The 2021 in-person edition of the race was cancelled due to the coronavirus pandemic, with all registrants given the option of running the race virtually or obtaining a full refund.[a][12]

In 2022, Brittany Charboneau became the first woman to win all four races and the Dopey Challenge[13]


Disney's Blizzard Beach Water Park was added to the marathon route in 1995. The course was again redesigned in 1999 to included the newly opened Disney’s Animal Kingdom theme park.[5] The course was changed again in 2013, adding a lap around the Walt Disney World Speedway plus some distance in the ESPN Wide World of Sports. In 2020, the course was amended to remove the Wide World of Sports segment that many runners had come to call "The Rat Maze" and replace it with a segment passing through the eastern portion of Blizzard Beach.[14]


Goofy's Race and a Half Challenge, introduced in 2006, involves completing both the Half Marathon on Saturday and the full Marathon on Sunday for a combined 39.3 miles over two days.

The Dopey Challenge, introduced in 2014 along with the Disney World 10K, involves completing all four races – the Walt Disney World 5K on Thursday, the Walt Disney World 10K on Friday, the Walt Disney World Half Marathon on Saturday, and the Walt Disney World Marathon on Sunday – for a combined 48.6 miles over four days. In additional to the four individual race medals, runners who complete the Dopey Challenge are awarded both the Goofy's Race and a Half Challenge and Dopey Challenge medals.

The Castaway Cay Challenge, introduced in 2015, involves completing any Marathon Weekend race before boarding the Disney Dream at Port Canaveral the following Monday and sailing to Castaway CayDisney Cruise Line's private island in the Bahamas– to complete a 5K race across the island.


Brazilian Adriano Bastos holds the record of most WDW Marathon wins at eight,[15] while Brazilian Giovanna Martins holds the women's record at four.[16]

Key:    Course record


Ed. Date Men's winner Time[b] Women's winner Time[b] Rf.
30 January 8, 2023  Daniel Dos Santos (BRA) 2:26:51  Katherine Cargiulo (USA) 3:00:13
29 January 9, 2022  Vanilson Neves (BRA) 2:30:37  Brittany Charboneau (USA) 2:45:15
2021 Virtual race only due to coronavirus pandemic [12]
27 January 12, 2020  Nicholas Hilton (USA) 2:22:19  Giovanna Martins (BRA) 2:54:19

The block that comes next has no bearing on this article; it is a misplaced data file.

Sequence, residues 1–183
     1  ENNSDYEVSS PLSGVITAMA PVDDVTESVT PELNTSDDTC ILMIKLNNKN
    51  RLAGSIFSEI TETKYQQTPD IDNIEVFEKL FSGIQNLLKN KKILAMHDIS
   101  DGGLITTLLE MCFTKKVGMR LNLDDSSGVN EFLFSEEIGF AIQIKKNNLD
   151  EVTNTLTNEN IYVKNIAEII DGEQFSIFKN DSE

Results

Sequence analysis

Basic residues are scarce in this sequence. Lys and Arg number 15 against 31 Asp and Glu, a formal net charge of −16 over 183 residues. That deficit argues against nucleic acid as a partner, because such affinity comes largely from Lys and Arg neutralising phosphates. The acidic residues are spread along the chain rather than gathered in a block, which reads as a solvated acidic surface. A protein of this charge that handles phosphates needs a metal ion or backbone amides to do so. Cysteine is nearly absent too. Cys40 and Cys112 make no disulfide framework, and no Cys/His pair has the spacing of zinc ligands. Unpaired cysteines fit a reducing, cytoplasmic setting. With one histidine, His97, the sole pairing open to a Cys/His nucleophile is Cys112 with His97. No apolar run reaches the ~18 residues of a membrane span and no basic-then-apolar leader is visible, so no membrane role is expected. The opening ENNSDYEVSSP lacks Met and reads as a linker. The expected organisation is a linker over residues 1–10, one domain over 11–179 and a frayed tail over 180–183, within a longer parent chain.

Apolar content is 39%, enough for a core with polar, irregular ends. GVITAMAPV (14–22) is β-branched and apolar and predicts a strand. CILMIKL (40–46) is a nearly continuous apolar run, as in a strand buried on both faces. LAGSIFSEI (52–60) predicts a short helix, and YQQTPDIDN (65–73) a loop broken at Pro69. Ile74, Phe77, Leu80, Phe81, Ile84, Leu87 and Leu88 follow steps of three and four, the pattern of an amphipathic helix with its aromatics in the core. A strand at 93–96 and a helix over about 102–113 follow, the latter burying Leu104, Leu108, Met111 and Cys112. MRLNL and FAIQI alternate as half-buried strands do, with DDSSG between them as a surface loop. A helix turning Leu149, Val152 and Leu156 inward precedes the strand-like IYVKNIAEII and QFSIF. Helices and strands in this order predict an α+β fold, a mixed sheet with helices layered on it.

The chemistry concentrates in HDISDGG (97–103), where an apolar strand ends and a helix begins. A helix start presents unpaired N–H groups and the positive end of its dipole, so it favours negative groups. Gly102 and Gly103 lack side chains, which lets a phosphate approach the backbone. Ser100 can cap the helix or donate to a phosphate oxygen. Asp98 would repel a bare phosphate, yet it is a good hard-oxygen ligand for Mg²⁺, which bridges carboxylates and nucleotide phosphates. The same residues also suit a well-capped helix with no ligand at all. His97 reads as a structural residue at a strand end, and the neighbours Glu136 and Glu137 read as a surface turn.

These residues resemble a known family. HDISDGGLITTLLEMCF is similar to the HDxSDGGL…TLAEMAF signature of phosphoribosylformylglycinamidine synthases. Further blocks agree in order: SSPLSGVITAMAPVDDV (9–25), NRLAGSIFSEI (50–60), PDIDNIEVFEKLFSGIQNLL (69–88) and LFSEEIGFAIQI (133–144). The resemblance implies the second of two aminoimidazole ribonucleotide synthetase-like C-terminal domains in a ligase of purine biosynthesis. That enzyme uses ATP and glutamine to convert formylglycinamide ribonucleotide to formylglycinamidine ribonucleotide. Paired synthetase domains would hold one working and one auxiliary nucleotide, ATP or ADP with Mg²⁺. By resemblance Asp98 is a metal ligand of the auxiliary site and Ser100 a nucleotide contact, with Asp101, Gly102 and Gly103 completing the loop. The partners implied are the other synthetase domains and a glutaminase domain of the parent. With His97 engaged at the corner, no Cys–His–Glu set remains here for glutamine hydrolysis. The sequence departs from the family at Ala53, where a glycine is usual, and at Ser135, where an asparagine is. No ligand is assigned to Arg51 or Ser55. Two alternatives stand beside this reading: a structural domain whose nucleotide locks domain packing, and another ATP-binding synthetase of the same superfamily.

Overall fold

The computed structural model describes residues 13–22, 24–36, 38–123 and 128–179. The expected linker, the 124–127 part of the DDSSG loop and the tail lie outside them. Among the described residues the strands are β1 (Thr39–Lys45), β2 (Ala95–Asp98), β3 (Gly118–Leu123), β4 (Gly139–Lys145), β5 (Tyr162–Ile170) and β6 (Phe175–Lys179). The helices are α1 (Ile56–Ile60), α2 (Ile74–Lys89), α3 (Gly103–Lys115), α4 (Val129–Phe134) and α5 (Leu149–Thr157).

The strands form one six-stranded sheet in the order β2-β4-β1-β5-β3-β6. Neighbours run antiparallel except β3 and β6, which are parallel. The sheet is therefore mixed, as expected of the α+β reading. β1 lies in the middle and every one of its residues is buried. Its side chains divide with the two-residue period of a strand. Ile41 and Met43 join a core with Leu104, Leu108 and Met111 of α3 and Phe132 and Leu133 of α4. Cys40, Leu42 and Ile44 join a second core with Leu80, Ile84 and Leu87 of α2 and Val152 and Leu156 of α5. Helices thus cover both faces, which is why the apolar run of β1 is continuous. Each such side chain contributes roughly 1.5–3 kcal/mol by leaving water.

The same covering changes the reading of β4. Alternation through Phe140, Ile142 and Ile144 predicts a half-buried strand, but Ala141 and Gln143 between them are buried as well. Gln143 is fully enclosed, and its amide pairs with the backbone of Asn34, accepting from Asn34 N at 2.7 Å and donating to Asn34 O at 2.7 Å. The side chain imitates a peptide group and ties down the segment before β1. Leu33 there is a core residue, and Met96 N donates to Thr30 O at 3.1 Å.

26 January 13, 2019  Fredison Costa (BRA) 2:18:45  Giovanna Martins (BRA) 2:45:24 [16]
25 January 7, 2018  Nicholas Hilton (USA) 2:17:52  Giovanna Martins (BRA) 2:47:22 [17]
24 January 8, 2017  Fredison Costa (BRA) 2:23:15  Giovanna Martins (BRA) 2:48:05 [18]
23 January 10, 2016  Fredison Costa (BRA) 2:33:22  Natasha Yaremczuk (CAN) 2:52:21 [19][20]
22 January 11, 2015  Fredison Costa (BRA) 2:18:06  Giovanna Martins (BRA) 2:50:20
21 January 12, 2014  Fredison Costa (BRA) 2:21:39  Angela Brito (ECU) 2:47:44
20 January 13, 2013  Adriano Bastos (BRA) 2:21:16  Renee High (USA) 2:48:30
19 January 8, 2012  Fredison Costa (BRA) 2:19:01  Renee High (USA) 2:48:33 [21]
18 January 9, 2011  Fredison Costa (BRA) 2:21:15  Leah Thorvilson (USA) 2:42:11
17 January 10, 2010  Adriano Bastos (BRA) 2:22:08  Lisa Mizutani (JPN) 2:51:20
16 January 11, 2009  Adriano Bastos (BRA) 2:20:38  Lisa Mizutani (JPN) 2:46:27
15 January 13, 2008  Adriano Bastos (BRA) 2:20:58  Melanie Peters (USA) 2:47:32
14 January 7, 2007  Adriano Bastos (BRA) 2:19:24  Gabriela Trana (CRC) 2:57:04
13 January 8, 2006  Adriano Bastos (BRA) 2:19:44  Paige Higgins (USA) 2:51:38
12 January 9, 2005  Adriano Bastos (BRA) 2:19:16  Amy Shertzer (USA) 2:56:06
11 January 11, 2004  Matthew Dobson (USA) 2:27:58  Kim Donaldson (USA) 2:59:13
10 January 12, 2003  Adriano Bastos (BRA) 2:18:33  Bea Marie Altieri (USA) 2:53:10
9 January 6, 2002  Dai Roberts (GBR) 2:32:38  Ilda Santos (BRA) 2:48:38
8 January 7, 2001  Chris Teague (GBR) 2:26:38  Ilda Santos (BRA) 2:46:40
7 January 9, 2000  Jose Silva (BRA) 2:25:40  Jennifer Uwins (USA) 2:54:51
6 January 10, 1999  Santiago de Araujo (BRA) 2:24:28  Marina Jones (USA) 2:54:19
5 January 11, 1998  Santiago de Araujo (BRA) 2:23:25  Luybov Klochko (UKR) 2:44:47
4 January 5, 1997  Dick Hooper (IRE) 2:31:19  Larisa Zyuzko (RUS) 2:41:13
3 January 7, 1996  Miguel Upegui (COL) 2:23:26  Luybov Klochko (UKR) 2:45:12
2 January 8, 1995  Leonid Shvetsov (RUS) 2:11:50  Judit Nagy (HUN) 2:31:54
1 January 16, 1994  Leonid Shvetsov (RUS) 2:14:27  Judit Nagy (HUN) 2:32:32 [22]

Half marathon

Year Men's winner Time[b] Women's winner Time[b] Rf.
2022  Brock Kelly (USA) 1:12:48  Brittany Charboneau (USA) 1:19:18 [23]